Results and Discussion
We present a case of cystic pelvis mass secondary to persistent urogenital sinus and transverse vaginal septum detected on prenatal ultrasound and MRI.
Fetal hydrometrocolpos is an uncommon disorder characterized by distension of the endometrial and vaginal cavity with fluid accumulation . Increased secretions, secondary to increased stimulation of cervical and vaginal glands by maternal hormones, gradually accumulates due to distal obstruction and leads to a cystic mass in pelvis. Internal fluid debris may be noted and suggests thick mucoid secretions. Also, persistent urogenital sinus may result in fluid accumulation. This usually represents urine collection. Hence the presence of debris may also imply presence of persistent urogenital sinus [1,3]. Most of the cases of hydrometrocolpos are sporadic, but associations with other etiologies are also seen . This may occur post steroid management of congenital adrenal hyperplasia . It is also associated with some genetic syndromes like Bardet-Biedl, Pallister hall and McKusik-Kaufman syndromes . McKusick–Kaufman syndrome is an autosomal recessive disorder with hydrometrocolpos associated with vaginal atresia, congenital heart defects, polydactyly and non-immune mediated hydrops fetalis .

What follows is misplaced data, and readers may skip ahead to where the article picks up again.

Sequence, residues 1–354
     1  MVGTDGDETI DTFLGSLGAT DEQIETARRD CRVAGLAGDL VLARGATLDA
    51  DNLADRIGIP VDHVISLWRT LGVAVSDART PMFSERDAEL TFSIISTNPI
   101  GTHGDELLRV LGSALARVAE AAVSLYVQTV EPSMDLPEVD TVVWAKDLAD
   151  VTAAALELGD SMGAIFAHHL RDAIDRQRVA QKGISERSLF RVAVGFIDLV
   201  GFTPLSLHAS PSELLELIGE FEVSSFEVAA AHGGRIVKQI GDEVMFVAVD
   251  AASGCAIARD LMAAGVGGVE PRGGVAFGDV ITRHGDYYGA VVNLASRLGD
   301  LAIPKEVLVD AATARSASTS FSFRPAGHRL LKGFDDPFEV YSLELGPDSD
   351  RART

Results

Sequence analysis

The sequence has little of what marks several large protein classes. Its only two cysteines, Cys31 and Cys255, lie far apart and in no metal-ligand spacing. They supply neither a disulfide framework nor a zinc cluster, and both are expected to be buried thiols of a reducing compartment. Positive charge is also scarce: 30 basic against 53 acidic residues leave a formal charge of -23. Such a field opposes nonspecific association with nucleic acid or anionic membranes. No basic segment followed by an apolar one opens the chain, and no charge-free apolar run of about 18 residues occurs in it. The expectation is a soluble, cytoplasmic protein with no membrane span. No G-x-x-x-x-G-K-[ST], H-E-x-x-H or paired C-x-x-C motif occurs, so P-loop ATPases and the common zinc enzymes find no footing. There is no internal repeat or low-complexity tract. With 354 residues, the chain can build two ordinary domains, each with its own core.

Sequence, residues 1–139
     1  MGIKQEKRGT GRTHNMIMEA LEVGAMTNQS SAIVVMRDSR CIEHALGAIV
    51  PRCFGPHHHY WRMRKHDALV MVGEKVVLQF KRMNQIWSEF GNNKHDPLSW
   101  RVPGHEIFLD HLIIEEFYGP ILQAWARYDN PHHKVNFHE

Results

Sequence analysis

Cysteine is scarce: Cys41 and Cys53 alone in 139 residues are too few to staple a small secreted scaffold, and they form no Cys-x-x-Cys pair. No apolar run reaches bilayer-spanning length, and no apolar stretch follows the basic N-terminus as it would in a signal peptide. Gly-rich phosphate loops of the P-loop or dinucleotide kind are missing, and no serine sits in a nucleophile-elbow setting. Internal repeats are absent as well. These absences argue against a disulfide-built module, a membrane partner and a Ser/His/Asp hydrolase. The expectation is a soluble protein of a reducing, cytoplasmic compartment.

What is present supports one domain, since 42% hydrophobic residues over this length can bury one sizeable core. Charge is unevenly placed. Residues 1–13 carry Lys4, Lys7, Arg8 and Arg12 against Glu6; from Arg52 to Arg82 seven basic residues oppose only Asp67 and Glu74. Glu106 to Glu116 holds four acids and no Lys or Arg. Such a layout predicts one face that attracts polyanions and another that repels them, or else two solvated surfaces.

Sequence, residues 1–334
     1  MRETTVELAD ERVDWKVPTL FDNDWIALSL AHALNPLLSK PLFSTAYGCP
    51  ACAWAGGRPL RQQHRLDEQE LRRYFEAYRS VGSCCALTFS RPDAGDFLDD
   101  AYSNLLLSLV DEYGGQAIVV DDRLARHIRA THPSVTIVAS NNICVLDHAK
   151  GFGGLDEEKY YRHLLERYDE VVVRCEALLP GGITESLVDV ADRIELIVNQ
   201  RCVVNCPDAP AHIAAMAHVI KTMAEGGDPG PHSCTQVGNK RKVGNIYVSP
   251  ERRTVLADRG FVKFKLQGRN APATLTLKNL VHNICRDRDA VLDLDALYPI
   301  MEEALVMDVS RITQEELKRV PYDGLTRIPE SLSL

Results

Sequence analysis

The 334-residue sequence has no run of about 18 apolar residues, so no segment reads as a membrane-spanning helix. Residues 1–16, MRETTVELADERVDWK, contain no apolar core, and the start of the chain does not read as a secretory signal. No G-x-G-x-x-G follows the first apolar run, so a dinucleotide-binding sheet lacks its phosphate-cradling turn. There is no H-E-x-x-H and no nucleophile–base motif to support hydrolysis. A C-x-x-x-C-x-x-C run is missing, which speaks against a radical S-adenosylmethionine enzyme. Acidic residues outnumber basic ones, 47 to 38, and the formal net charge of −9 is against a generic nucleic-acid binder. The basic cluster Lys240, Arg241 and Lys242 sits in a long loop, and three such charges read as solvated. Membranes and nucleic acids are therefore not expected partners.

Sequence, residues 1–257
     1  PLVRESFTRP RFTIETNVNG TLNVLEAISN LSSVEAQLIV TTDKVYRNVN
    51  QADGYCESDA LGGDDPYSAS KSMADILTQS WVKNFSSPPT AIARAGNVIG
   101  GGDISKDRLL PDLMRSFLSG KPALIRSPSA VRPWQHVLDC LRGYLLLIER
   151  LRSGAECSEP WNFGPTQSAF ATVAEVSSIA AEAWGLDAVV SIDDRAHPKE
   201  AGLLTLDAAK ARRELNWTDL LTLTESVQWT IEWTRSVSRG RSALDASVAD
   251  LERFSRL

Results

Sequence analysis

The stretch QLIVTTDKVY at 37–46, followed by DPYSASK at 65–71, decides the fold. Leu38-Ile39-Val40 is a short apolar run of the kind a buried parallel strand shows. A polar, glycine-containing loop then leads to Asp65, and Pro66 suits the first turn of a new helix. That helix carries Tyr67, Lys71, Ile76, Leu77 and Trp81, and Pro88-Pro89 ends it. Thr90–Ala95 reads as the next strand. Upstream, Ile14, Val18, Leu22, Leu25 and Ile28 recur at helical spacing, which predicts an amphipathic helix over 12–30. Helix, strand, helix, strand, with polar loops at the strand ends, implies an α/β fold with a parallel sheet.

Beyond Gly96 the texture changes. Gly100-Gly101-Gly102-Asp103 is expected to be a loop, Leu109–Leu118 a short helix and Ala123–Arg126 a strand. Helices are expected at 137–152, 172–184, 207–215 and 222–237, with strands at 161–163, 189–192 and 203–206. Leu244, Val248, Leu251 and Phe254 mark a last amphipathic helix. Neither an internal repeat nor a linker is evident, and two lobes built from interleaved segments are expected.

Hydrometrocolpos usually represents a type of obstructive Mullerian anomaly. Most cases ,of hydrometrocolpos occur due to persistent urogenital sinus or cloacal malformation . Persistent urogenital sinus is associated with other ano-rectal as well as urogenital malformations, such as cloacal anomaly, vaginal septum, vaginal atresia, and imperforate hymen . Each of these may cause distal obstruction leading to hydrocolpos and hydrometrocolpos [3,4,7]. Urogenital sinus with transverse vaginal septum were present in our case. Vaginal septum is one of the Hydrometrocolpos usually represents a type of obstructive Mullerian anomaly. Most cases of hydrometrocolpos occur due to persistent urogenital sinus or cloacal malformation . Persistent urogenital sinus is associated with other ano-rectal as well as urogenital malformations, such as cloacal anomaly, vaginal septum, vaginal atresia, and imperforate hymen . Each of these may cause distal obstruction leading to hydrocolpos and hydrometrocolpos [3,4,7]. Urogenital sinus with transverse vaginal septum were present in our case. Vaginal septum is one of the common causes. It is a fibrous membrane of connective tissue with associated vascular and muscular components. It can be longitudinal, transverse or oblique. Most common in upper vagina (~46%), followed by middle vagina (~40%) and lower vagina (14%) .